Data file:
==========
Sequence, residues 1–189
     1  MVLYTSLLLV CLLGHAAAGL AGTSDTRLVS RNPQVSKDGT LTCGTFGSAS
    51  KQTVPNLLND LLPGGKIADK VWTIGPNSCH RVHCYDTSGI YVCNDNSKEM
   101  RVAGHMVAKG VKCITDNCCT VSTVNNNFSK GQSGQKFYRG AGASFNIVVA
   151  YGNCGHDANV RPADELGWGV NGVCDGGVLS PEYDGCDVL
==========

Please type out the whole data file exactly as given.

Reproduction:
Sequence, residues 1–189
     1  MVLYTSLLLV CLLGHAAAGL AGTSDTRLVS RNPQVSKDGT LTCGTFGSAS
    51  KQTVPNLLND LLPGGKIADK VWTIGPNSCH RVHCYDTSGI YVCNDNSKEM
   101  RVAGHMVAKG VKCITDNCCT VSTVNNNFSK GQSGQKFYRG AGASFNIVVA
   151  YGNCGHDANV RPADELGWGV NGVCDGGVLS PEYDGCDVL